Vibrio is the so-called “flesh-eating bacteria” that has been making headlines on the gulf coast lately. MBP’s Evelina Burnett reports on a recent effort in south Mississippi to share accurate information about the rare illness.
"Thank you for calling the Coast Chamber."
The Mississippi Gulf Coast Chamber of Commerce and coast tourism agencies report they’ve been receiving calls lately from potential visitors worried about vibrio following recent news reports. Kimberly Nastasi, head of the coast chamber, says that's why they organized a recent program on the topic.
"We wanted to have experts be available to answer concerns and address the conversations that were going on in the community. So we decided to put this forum together so we could speak to the experts and hear the reality of what's going on," she says.
Mississippi deputy state epidemiologist Paul Byers is one of the experts at the chamber’s program Friday. He says vibrio can be caught by eating contaminated raw seafood, particularly oysters, or through exposure to sea water through a wound. But it's rare - last year, there were 11 cases in Mississippi. This year so far, four.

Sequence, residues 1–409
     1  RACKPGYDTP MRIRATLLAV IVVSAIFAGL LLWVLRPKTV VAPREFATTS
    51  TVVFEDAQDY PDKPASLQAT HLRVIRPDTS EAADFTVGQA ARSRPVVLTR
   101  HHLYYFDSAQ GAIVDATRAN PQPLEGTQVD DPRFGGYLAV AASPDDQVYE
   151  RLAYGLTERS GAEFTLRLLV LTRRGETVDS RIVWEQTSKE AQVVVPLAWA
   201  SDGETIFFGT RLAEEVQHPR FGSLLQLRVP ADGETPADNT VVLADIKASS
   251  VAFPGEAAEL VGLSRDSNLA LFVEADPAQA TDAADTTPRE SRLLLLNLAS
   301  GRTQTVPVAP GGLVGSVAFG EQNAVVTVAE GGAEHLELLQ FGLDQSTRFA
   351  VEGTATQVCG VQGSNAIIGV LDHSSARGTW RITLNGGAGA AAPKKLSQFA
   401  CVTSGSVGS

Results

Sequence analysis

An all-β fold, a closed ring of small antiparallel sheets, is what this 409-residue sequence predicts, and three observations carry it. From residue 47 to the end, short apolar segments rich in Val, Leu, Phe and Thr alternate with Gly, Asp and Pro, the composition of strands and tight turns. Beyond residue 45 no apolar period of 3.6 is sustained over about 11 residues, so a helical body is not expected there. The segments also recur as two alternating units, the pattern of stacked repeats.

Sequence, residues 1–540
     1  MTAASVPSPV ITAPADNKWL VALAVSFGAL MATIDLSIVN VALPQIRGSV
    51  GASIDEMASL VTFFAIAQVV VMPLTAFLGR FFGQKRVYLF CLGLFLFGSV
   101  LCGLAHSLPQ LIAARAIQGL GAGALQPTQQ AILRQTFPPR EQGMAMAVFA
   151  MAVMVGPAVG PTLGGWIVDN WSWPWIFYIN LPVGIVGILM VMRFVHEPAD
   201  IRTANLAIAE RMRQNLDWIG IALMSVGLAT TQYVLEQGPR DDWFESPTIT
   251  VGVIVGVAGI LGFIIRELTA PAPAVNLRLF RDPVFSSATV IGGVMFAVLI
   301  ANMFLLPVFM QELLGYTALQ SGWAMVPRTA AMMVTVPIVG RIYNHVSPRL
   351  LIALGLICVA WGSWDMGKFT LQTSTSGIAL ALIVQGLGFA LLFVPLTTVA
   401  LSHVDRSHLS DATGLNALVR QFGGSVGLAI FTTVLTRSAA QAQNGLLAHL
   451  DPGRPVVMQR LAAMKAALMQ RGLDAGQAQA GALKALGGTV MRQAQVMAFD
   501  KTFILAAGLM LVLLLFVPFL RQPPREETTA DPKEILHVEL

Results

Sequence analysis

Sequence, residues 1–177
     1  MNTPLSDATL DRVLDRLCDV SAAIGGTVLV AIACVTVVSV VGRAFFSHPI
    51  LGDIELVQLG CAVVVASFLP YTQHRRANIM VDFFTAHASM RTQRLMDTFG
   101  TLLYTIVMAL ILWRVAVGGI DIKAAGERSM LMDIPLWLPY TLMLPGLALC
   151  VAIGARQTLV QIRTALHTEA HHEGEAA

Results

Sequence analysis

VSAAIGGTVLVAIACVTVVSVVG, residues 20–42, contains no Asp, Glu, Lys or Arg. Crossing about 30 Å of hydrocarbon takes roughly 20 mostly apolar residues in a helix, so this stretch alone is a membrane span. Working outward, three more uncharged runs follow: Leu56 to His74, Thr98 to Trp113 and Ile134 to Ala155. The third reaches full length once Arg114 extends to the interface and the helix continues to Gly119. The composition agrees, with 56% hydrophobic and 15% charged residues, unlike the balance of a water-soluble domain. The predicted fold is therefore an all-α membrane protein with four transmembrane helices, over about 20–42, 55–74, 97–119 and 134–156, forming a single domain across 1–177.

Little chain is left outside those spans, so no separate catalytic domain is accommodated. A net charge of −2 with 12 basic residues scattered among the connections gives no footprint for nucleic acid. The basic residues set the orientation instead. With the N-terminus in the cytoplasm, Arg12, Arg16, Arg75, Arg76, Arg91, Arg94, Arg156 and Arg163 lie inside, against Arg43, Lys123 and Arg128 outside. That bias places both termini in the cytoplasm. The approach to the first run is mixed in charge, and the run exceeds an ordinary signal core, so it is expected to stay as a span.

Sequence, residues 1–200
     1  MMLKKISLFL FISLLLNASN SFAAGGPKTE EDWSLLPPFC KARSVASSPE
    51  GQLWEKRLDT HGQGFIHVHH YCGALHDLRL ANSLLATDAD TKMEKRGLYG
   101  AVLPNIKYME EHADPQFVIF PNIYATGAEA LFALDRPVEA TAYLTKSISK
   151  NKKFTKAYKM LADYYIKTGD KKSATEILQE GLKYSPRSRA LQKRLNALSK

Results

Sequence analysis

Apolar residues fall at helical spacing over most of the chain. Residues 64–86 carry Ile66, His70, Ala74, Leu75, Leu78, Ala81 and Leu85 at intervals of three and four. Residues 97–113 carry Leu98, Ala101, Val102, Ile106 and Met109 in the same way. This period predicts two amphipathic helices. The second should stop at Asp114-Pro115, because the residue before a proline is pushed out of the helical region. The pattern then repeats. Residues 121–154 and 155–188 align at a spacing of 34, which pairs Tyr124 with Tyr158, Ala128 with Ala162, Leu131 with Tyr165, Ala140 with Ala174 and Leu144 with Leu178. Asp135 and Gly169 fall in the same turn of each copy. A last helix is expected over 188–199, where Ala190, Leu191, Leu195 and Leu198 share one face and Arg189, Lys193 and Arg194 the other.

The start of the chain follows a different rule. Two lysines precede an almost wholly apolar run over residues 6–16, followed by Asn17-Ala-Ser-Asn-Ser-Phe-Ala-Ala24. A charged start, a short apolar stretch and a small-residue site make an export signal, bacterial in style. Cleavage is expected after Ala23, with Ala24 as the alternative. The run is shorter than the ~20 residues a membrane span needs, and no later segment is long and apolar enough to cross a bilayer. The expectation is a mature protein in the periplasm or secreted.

"The concern can be that it can be a very serious infection for those people who are susceptible to it and have that exposure," he says.
For people at risk, the most severe outcomes can include bloodstream infections that can lead to loss of limbs or even death. So who's at risk?
"The people who are risk are those individuals who have a compromised immune system, for whatever reason," Dr. Byers says. "Primarily those folks who are diabetic, or liver disease, or are immune-compromised from cancer treatment or other conditions."
Byers recommends people who may have an immune-compromising condition talk to their doctors about the risks.